I was having a conversation with my daughter the other day. It wasn’t a real conversation, mind you, but a modern-day back-and-forth via text message, which I initiated when I asked her what would happen to my large, impressive and eclectic music collection once I kick the bucket.
Despite the inordinate amount of time I spend in cemeteries these days, I’m really not worried about dying anytime soon, but I am worried about my music, which I think points to a real generational difference. You see, I’ve spent years collecting things and trying to make them last, only to discover that none of that seems to matter anymore.
My daughter pointed out that she really doesn’t need my collection because she can listen to anything and everything I’ve ever collected simply by subscribing to a service like Spotify. But how, I asked, will you remember what was important to me? How will you know what I liked if you don’t have physical copies?
And therein lies the difference in how our generations think. She was joking, of course, but said something about putting together a playlist that I could listen to on my deathbed. I laughed, but that really wasn’t my point.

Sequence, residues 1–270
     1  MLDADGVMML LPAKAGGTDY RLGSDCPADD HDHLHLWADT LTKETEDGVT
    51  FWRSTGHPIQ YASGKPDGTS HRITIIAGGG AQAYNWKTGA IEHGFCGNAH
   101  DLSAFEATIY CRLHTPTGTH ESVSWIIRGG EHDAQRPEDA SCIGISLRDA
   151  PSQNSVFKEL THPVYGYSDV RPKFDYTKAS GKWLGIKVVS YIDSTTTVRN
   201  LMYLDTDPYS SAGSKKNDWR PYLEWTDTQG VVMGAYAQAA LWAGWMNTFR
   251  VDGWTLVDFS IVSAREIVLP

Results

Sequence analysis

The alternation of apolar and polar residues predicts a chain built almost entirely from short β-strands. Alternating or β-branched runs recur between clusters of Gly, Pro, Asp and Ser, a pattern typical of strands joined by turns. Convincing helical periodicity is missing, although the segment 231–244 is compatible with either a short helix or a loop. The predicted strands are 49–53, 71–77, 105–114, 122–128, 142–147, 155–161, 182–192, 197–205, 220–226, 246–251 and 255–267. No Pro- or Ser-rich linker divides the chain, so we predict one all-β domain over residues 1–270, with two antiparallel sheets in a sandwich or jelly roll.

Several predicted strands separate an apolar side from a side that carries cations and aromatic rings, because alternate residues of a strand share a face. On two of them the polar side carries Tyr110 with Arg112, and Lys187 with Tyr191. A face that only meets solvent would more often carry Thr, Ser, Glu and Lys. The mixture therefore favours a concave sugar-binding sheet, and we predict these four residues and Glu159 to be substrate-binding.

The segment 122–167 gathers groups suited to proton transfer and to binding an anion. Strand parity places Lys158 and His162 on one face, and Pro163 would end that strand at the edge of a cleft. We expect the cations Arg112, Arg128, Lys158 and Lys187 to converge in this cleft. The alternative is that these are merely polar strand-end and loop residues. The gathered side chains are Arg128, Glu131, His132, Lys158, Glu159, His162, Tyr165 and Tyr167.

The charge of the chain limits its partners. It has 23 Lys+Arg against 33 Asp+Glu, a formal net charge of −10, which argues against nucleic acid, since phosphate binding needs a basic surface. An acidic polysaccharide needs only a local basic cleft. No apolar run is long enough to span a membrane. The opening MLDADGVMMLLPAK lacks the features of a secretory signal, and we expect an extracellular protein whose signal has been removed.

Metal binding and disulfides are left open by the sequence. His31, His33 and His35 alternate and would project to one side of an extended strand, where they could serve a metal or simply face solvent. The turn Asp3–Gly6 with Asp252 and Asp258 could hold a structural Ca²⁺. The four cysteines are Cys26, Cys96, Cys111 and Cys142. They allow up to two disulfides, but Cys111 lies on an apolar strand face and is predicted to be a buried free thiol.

Just the way my parents could never quite grasp the concept of e-mail, I can’t quite wrap my head around “The Cloud.” I know you can buy music and listen to it on all your devices — in fact I’ve done so myself. But where the hell is it exactly? You see, I don’t thinkThe Cloud understands sentimentality, and that’s me, sentimental to a fault!
I know this sounds unintentionally greedy and materialistic, but I’m from a generation where possessions meant something, and I find it curious that many people don’t think of things in the same way anymore. Yes, you can still listen to my old music, but you can’t touch it. That’s a problem for me, and it’s the same thing with books, movies, even photographs!
I understand the convenience. I understand that The Cloud doesn’t weigh anything, and doesn’t take up any space in a young person’s tiny apartment. I contrast that with my collection of books, movies, CDs and vinyl records, and I realize that if I ever move again, I’ll need boxes and boxes to carry all this crap that I always believed someone would want.
Yes, The Cloud is convenient, but it’s raining on my parade.
Today, when I opened the tins containing my old 45s, I was able to touch them, smile at the titles and take a walk down memory lane before ever placing a needle in a groove. Can any of you do the same with The Cloud? No, I didn’t think so!